A electromagnetic solenoid 30 has a plunger rod 32 with a remote end connected to the lever 26 of the choke valve 20. When an direct electric current is supplied to the coil of the solenoid 30, the plunger 32 is drawn toward into the coil in the direction indicated by arrow 34. This action rotates the choke plate 22 into the extreme closed position illustrated in FIG. 1, where it remains as long as electric current continues to be applied to the solenoid 30. In this state a coil spring is compressed between the body of the solenoid 30 and a stop 38 affixed to the plunger rod 32.
When that electric current is removed, the force of coil spring 36 against the plunger stop 38 causes the valve plate 22 to rotate into an open position. The degree to which the plunger rod 32 is able to move and thus the amount to which the choke plate 22 can open is determined by the shape of a bimetallic thermostatic element 40. Below normal operating temperatures, the thermostatic element 40 appears as shown in FIG. 2, where it restricts full movement of the plunger rod 32 by striking stop 38. Thus the choke plate is unable to reach the extreme open position and may only open partially. At normal operating temperatures, the thermostatic element 40 unbends as shown in FIG. 3 and no longer restricts the plunger rod 32 allowing the choke plate 22 to reach the extreme open position.
With reference to FIGS. 1 and 2, the thermostatic element 40 is bimetallic so as to bend and unbend as a function of temperature. The thermostatic element 40 has a planar base 42 with screw holes 44 enabling attachment to a support plate 46 on the solenoid 30. Extending from one edge of the base 42 is a curved section 48 which has an inverted U-shape at relatively low temperatures (e.g. below +30° F.). A narrow arm 50 projects from the end 52 of the curved section 46 that is remote from base 42. The exposed end of the arm 50 is bent toward the base to form a claw 54. A direct current, foil type electric heater 56 is adhesively bonded to the inner diametric surface of the curved section 48 of thermostatic element 40. As will be described, heat from the foil heater 56 causes the curved section 48 to unbend when the engine is running.
When the operator desires to start the engine 10, the ignition switch is turned which closes a set of contacts 60 that applies power to the heater 56 and to a choke controller 62. The controller preferably includes a microprocessor that executes a software program which governs the operation of solenoid 30. Upon being powered-up, the controller 62 applies an electric current to the solenoid via line 64. When energized, solenoid 30 creates an internal electromagnetic field which draws the plunger 32 inward along the direction indicated by arrow 34. This action compresses the coil spring 36 between the stop 38 and body of the solenoid, and operates the lever 26 to move the choke plate 22 into the extreme closed position shown in FIG. 1.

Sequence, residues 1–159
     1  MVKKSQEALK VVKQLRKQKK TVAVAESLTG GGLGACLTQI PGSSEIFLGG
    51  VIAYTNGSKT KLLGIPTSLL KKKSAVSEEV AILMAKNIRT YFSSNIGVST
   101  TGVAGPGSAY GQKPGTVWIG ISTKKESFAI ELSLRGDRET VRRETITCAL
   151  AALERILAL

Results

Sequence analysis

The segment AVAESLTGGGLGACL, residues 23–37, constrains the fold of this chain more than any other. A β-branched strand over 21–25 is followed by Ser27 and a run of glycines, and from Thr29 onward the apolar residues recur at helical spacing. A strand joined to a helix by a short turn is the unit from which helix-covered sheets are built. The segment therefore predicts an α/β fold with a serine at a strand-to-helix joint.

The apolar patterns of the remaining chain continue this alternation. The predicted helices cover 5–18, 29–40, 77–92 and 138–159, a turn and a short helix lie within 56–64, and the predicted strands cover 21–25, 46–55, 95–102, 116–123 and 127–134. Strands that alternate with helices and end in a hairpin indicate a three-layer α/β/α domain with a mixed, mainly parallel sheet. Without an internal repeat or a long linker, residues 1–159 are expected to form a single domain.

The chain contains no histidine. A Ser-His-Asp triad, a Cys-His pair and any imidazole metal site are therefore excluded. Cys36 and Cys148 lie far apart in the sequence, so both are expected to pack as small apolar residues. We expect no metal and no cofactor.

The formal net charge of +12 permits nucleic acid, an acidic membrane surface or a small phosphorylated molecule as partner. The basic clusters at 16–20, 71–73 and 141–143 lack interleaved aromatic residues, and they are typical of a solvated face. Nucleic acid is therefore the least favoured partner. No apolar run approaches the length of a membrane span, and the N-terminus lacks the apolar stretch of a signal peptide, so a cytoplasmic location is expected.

An internal timer of controller 62 is set upon energizing the solenoid 30. After the choke valve 20 has been closed for a defined period of time, two seconds for example, the timer expires which causes the controller 62 terminate the application of electric current to the solenoid. Thus the electromagnetic field ceases and the force of the coil spring 36 moves the plunger 32 in the opposite direction of arrow 34 opening the choke valve 20. When the engine temperature is relatively cold (e.g. below +30° F.), the plunger moves until the stop 38 strikes the claw 54 on arm 50 of the bimetallic thermostatic element 40 as shown in FIG. 3. Thermostatic element 40 is sufficiently stiff to resist the force of the coil spring 36 and stop further movement of the plunger 32. Thus the choke plate 22 is held in an intermediate position between the extreme open and closed positions. This allows additional air to flow through the induction passage 14 producing a leaner air-fuel mixture that in the extreme closed position of FIG. 1.
Upon terminating the electric current to the solenoid 30, the controller 62 reads a signal from a sensor 66 which indicates the temperature of the engine block. If that temperature is less than a predefined level (e.g. 75° F. or 100° F.) that occurs after the engine has warmed-up, the controller 62 commences execution of a warm-up choke mode. Otherwise, if the engine block temperature is above the predefined level, the solenoid no longer is pulsed to close the choke valve 20. The controller may also receive other engine parameters from different sensors 67.
In the warm-up mode, the controller 62 waits 0.20 seconds after the termination of the first pulse of electric current to the solenoid 30 and then applies another current pulse for 0.10 seconds. Thereafter, the solenoid is de-energized for 0.20 seconds before current is reapplied for 0.10 seconds. The pulsing of the solenoid on for 0.10 seconds and off for 0.2 seconds repeats for 20 seconds at which time further operation of the solenoid ceases.
While the solenoid 30 is being pulsed with electric current, the foil type heater 56 is warming the bimetallic thermostatic element 40. Heat from the running engine 10 also warms the thermostatic element 40. Eventually, either during the solenoid pulsing or thereafter, the thermostatic element 40 will be heated to a temperature at which the bimetallic material begins unbending from the position shown in FIG. 2. When the unbending progresses to the point at which the claw 54 on arm 50 no longer is in contact with the plunger stop 38, the force of the coil spring 36 exerted on the stop causes the plunger 32 to extend fully from the body of solenoid 30. This action moves the choke lever 36 into the state shown in FIG. 4 where the choke valve plate 22 is in the extreme open position. At this time, the engine is in the normal operating temperature range and a normal air-fuel mixture can be used. The time between engine starting and the plunger stop clearing the thermostatic element 40 depends on the engine temperature at start-up and the ambient temperature. Therefore, the warmer the engine 10 and the warmer the ambient air, the sooner the normal air-fuel mixture will be used.
The foregoing description is directed primarily to preferred embodiments of the invention. Although some attention was given to various alternatives within the scope of the invention, it is anticipated that skilled artisans will likely realize additional alternatives that are now apparent from the disclosure of those embodiments. Accordingly, the scope of the invention should be determined from the following claims and not limited by the above disclosure.
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|U.S. Classification||261/39.3, 261/DIG.74, 123/179.18, 261/39.6|
|Cooperative Classification||F02M1/12, Y10S261/74|
|Jun 26, 1996||AS||Assignment|
Owner name: KOHLER CO., WISCONSIN
Free format text: ASSIGNMENT OF ASSIGNORS INTEREST;ASSIGNORS:KING, JAMES L.;FISCHER, DONALD R.;KLOMPENHOUWER, GREG D.;REEL/FRAME:008092/0623;SIGNING DATES FROM 19960606 TO 19960612
|Feb 23, 2001||FPAY||Fee payment|
Year of fee payment: 4
|Feb 28, 2005||FPAY||Fee payment|
Year of fee payment: 8
|Mar 2, 2009||REMI||Maintenance fee reminder mailed|
|Aug 26, 2009||LAPS||Lapse for failure to pay maintenance fees|
|Oct 13, 2009||FP||Expired due to failure to pay maintenance fee|
Effective date: 20090826